Comment


      • #80
        Yes, Mystery Brick, it needs one of your metrics - as noted elsewhere, that is 7 men under 1.45, quite a milestone, with others you might have thought are capable (Wightman, Langord. Learmonth ) not even included.

        As I also wrote on another thread, with some judicious selection, all of the main protaganists can be involved in the major events. I do think Giles and Rowden, after their Olympic experience, are better placed to give a good account of themselves at the Worlds, and I would 'pencil in' Dustin for Europeans to build his ability to run rounds (the build up was tough on the young man) , and Burgin, hopefully fit and ready, let loose on the Commonweatlhs, then infill around that.

        I would like to see Pattison run a 400 before the end of the season, if only to rewrite his PB, as many have mentioned he has stepped up from this distance. I'm keen to find someone with a little extra 'endurance' for the first leg of project sub3...

        Comment


        • #81
          With the super spikes I’m not sure 1.45 is quite the landmark it once was, but still going very well - on SBs the 7 are all ranked from 9 to 47 in the world rankings which is pretty impressive depth. But now need one or two to start making proper dents in the champs.

          carterhatch. Knotweed. That is all. :-)

          Comment


          • LoveSprints1
            LoveSprints1 commented
            Editing a comment
            It's great but the world rankings are meaningless when Athing Mu the Olympic Champion, world lead, unbeaten over 800m this year is ranked fifth behind everyone she has dominated this year. The fact NCAA performances aren't included and that sub-par European events are, is a travesty.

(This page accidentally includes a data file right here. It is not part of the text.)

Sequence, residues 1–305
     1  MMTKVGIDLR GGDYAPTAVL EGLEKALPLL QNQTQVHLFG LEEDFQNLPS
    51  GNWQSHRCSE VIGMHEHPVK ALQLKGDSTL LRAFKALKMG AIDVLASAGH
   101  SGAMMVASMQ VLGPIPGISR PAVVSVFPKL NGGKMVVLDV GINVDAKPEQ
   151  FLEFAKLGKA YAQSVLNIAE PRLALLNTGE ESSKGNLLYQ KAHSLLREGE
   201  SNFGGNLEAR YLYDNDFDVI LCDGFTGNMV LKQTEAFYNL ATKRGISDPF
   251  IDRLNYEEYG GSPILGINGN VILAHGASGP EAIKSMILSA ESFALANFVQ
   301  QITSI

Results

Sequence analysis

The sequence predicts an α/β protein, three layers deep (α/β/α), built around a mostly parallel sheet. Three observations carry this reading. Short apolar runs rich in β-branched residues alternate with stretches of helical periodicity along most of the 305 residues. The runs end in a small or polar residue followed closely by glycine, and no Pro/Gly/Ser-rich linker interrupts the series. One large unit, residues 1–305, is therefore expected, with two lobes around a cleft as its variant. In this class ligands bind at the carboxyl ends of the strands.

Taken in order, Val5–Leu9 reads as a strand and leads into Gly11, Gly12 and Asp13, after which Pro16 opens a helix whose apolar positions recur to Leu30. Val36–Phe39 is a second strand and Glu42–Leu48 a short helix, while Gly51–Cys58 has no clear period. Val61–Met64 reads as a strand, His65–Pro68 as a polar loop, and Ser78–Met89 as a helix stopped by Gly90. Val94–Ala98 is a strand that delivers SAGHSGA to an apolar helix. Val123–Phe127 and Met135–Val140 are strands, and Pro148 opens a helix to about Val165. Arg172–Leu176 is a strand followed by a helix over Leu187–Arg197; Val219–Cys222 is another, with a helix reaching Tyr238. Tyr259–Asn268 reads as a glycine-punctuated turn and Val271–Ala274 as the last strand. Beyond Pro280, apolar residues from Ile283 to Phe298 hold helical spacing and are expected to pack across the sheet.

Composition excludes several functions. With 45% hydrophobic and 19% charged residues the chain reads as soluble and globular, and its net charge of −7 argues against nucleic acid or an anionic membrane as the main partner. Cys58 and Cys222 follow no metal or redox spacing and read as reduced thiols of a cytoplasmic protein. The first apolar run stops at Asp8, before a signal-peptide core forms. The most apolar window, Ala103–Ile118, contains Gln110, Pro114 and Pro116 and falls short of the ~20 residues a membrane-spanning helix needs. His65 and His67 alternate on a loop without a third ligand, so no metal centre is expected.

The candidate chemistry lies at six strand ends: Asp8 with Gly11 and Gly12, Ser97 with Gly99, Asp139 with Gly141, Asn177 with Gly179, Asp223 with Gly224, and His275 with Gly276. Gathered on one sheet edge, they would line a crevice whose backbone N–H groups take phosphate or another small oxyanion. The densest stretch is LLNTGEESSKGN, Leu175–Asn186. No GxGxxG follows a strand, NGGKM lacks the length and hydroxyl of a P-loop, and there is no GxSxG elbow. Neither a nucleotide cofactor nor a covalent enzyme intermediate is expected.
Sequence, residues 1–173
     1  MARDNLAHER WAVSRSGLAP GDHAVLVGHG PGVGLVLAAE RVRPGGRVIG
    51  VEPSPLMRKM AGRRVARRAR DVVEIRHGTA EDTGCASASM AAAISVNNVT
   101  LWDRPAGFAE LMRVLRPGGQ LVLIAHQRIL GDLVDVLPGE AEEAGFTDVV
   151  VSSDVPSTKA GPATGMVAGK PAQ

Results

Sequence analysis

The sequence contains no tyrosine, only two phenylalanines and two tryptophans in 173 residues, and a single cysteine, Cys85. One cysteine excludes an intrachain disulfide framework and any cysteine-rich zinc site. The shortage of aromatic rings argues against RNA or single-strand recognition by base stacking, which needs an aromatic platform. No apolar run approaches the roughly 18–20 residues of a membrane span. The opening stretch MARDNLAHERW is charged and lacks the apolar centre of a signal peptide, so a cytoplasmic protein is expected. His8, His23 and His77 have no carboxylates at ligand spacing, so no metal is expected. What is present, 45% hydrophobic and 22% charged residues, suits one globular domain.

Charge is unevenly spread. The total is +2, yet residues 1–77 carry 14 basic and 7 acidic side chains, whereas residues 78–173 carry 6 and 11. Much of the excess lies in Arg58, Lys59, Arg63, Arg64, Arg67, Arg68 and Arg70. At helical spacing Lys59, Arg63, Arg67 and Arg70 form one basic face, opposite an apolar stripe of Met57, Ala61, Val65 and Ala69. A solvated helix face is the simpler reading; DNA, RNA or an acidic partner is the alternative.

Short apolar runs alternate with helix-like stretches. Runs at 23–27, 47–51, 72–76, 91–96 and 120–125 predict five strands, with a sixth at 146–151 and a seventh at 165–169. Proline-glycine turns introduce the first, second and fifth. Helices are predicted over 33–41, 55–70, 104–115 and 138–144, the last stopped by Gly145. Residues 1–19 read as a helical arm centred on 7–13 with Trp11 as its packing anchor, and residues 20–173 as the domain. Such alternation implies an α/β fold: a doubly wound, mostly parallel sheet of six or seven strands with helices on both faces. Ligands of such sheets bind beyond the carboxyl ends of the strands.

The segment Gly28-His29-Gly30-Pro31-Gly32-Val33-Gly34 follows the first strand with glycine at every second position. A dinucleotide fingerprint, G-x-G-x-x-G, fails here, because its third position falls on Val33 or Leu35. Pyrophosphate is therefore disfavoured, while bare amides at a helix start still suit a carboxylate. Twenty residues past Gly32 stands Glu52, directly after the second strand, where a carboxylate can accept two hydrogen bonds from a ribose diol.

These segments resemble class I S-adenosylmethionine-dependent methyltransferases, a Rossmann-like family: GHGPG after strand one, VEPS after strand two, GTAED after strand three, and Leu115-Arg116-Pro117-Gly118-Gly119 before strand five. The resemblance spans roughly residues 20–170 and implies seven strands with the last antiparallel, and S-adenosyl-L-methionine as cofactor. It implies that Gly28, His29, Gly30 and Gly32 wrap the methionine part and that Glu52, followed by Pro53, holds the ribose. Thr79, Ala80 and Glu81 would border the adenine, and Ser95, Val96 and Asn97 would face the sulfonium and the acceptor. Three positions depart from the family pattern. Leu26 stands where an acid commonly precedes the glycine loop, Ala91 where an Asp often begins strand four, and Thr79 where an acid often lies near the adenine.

A Trinidadian Heptathlete - Tyra Gittens - ranked top 7 in the World prior to the Olympics on her NCAA performances (6418), was not ranked high enough on the IAAF system to achieve selection on their rankings. She went as a Long Jumper (could also possibly have gone for High Jump as has the World's highest Hep combination for the two events) and made the final, BUT the rankings system is a joke if Jemma can be above Keely and they are both ahead of Athing.

          • trickstat
            trickstat commented
            Editing a comment
            I think even before the super spikes, times in the men's 800 at world level are perhaps nearly a second quicker than they were in the early 80s. Sub 1:44 is probably about as commonplace these days as sub 1:45 was back then. I know Rudisha's WR is not 1 second faster than Coe's but the latter's times were in a class of their own at the time.

            LoveSprints1 - I believe that Ursus was referring to the 'traditional' world rankings of best performances rather than the WA rankings. However, I do agree that the latter are hugely flawed and favour athletes who are able to do lots of certain competitions. I have glanced at the rankings for the men's 800 and noticed that Guy Learmonth is ranked much higher than the likes of Dustin thanks to running in enough of these events. For me, they are not yet suitable for allocating so many places at Champs as they were for the Olympics this year.